Religion Professor Wins Faculty Teaching Award

Students and colleagues of Rita Lester say the religion professor is known for her rigorous courses. And in the same breath, they’re quick to point out that her courses are so intriguing and engaging that students want to come back for more.

“It is one thing to teach information, but it is really something else to inspire,” wrote a NWU junior.

Lester’s ability to teach and challenge students to analyze religion, advise majors and non-majors, continually improve her teaching styles, help with prestigious scholarship applications, and go above and beyond her job description has landed her the 2010-2011 Margaret J. Prouty Faculty Teaching Award.

The honor is bestowed each year to a professor who:

  • Communicates high expectations;
  • Encourages intellectual curiosity within and across disciplines;
  • Inspires students to do their best work;
  • Holds students accountable;
  • Engages student in class;
  • Encourages cooperation among students;
  • Respects diverse talents and ways of learning;
  • Encourages faculty-student contact;
  • Uses variety in instruction.

In nominating Lester for the award, several religion majors said they were inspired by her to become a religion major noting her engaging teaching style and her ability to make students feel comfortable while discussing and analyzing religion. Students also commended her for exploring options for them beyond the classroom including unique study abroad opportunities.

“She opened up opportunities to me that never would have been made available to me without her guidance,” said a religion major who nominated Lester.

Non-majors also commended Lester for her ability to teach a difficult subject and make it digestible to even the most religiously close-minded students. One student nominator admitted she was worried about taking Lester’s World Religions course.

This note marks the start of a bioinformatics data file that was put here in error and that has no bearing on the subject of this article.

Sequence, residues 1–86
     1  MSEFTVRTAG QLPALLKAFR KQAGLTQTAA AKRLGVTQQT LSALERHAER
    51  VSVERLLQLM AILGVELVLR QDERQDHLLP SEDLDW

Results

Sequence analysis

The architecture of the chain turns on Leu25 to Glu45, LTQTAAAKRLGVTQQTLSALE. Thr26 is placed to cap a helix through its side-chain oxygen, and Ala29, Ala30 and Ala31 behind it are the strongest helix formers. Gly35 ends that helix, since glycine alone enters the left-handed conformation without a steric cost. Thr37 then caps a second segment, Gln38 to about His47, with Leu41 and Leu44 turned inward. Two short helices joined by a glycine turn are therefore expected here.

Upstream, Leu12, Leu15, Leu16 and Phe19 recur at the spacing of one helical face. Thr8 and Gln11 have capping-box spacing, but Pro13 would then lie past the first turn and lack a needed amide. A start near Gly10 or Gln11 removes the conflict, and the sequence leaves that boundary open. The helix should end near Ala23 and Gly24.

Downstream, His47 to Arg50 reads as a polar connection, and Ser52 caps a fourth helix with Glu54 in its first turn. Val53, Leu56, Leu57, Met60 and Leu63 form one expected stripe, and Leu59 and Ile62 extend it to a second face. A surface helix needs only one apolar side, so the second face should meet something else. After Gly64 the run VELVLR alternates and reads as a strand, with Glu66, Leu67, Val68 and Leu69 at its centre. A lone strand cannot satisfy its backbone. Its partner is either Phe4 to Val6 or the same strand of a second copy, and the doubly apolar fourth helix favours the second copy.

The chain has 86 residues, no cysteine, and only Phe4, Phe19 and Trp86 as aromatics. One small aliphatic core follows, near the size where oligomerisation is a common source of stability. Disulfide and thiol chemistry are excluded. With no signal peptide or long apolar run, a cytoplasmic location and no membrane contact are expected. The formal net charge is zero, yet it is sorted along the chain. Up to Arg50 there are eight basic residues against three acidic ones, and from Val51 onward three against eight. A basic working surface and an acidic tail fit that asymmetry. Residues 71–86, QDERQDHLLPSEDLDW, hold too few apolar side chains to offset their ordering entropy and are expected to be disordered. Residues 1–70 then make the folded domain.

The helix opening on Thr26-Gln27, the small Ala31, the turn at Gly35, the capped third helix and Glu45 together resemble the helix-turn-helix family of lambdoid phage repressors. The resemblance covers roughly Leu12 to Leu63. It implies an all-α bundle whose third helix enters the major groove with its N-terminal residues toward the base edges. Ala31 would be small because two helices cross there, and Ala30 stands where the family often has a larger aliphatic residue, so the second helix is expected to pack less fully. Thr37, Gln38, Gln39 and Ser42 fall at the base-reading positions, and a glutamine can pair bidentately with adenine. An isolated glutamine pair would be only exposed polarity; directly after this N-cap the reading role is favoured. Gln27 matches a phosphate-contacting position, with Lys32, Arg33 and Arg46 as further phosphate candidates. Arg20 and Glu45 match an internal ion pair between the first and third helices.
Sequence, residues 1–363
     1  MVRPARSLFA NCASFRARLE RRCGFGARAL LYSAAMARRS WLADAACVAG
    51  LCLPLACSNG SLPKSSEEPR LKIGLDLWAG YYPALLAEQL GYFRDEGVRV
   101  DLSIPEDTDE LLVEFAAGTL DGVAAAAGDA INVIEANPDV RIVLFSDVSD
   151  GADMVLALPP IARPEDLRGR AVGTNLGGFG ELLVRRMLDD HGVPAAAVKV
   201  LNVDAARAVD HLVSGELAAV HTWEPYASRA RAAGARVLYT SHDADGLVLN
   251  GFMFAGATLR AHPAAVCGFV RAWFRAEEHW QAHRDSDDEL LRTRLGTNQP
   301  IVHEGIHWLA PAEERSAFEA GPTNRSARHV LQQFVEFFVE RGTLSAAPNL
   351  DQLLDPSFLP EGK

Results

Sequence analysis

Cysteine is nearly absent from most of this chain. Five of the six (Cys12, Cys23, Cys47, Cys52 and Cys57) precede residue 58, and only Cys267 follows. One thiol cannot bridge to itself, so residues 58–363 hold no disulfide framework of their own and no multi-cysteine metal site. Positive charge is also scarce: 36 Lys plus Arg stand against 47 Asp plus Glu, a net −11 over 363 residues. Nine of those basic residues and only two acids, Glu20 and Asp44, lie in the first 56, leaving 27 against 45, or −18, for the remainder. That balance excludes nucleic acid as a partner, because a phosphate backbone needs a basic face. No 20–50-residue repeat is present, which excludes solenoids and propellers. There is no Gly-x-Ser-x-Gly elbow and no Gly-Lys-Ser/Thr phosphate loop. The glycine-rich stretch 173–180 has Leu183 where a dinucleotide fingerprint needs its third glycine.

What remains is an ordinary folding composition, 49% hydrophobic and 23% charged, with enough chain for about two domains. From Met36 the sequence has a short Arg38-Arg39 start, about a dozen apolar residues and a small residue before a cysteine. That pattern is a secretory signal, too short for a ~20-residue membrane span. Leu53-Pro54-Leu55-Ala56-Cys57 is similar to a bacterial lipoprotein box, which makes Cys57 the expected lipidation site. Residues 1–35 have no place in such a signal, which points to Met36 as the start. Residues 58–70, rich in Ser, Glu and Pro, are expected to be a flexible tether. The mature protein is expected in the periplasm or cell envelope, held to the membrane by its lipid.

“I was scared that I would get a professor who was atheist or would change my mind about being Christian,” she said. “What I thought was going to be an awful class turned into one of the best I have ever taken.”

Lester has taught at Nebraska Wesleyan since 1998. Last year she was one of 12 professors in the nation selected to attend the “Teaching About Islam and Middle Eastern Culture” seminar in Jordan. She spent 2007 on sabbatical in Toronto where she studied and conducted research at the Encounter World Religions Centre. In addition to undergraduate courses, Lester teaches religious diversity in Nebraska Wesleyan’s Master of Arts in Historical Studies Program. She served as Fulbright Program Adviser in 2009-2010 and continues to serve on the Fulbright Selection Committee.

Colleagues who nominated Lester for the Prouty Award celebrated her ability to stretch students’ minds, stay current on best teaching methods, her countless hours spent helping students with their prestigious scholarship applications, and work with students outside of the classroom. For example, Lester is currently giving Arabic lessons to a religion major who hopes to better understand the Quran.

“This isn’t part of her job description, but if a student is interested and motivated, I do not think there is a limit to the time and effort Dr. Lester is willing to expend to improve student learning,” said a nominator.

Lester was presented the Prouty Faculty Teaching Award during the May faculty meeting. Previous winners include:

  • Frank Ferraro, psychology, 2009-2010
  • Gary Plank, forensic science, 2008-2009
  • Dale Benham, biology, 2007-2008
  • Bill McNeil, psychology, 2006-2007
  • Jay Chipman, theatre, 2005-2006

Congratulations!

Congratulations on this well-deserved honor.

Yay for Dr. Rita Lester!

I honest could not think of a more deserving Professor. Thank you Rita for all you do for our campus and community.

Post new comment

(If you're a human, don't change the following field)
Your first name.
(If you're a human, don't change the following field)
Your first name.
(If you're a human, don't change the following field)
Your first name.
Lester, pictured here in Jordan, was one of 12 professors in the nation selected to attend a seminar on Middle Eastern culture.